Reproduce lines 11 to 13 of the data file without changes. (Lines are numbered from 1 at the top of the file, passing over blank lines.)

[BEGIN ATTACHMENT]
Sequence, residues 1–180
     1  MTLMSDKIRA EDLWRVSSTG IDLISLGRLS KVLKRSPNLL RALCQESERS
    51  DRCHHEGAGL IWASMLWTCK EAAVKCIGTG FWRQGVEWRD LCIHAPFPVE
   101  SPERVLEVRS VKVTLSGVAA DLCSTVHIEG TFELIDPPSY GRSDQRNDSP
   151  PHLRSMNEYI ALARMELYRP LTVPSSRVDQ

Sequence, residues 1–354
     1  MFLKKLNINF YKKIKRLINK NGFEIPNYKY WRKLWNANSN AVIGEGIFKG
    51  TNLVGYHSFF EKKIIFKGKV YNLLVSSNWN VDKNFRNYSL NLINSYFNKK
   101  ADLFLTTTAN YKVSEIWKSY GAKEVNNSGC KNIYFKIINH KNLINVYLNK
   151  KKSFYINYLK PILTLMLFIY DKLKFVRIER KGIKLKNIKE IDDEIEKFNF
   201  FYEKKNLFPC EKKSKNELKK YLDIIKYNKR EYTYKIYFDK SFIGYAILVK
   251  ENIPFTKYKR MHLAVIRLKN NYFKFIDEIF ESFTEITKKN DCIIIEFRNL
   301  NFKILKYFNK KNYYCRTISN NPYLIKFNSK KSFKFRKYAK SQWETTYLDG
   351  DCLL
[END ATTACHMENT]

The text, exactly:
   201  FYEKKNLFPC EKKSKNELKK YLDIIKYNKR EYTYKIYFDK SFIGYAILVK
   251  ENIPFTKYKR MHLAVIRLKN NYFKFIDEIF ESFTEITKKN DCIIIEFRNL
   301  NFKILKYFNK KNYYCRTISN NPYLIKFNSK KSFKFRKYAK SQWETTYLDG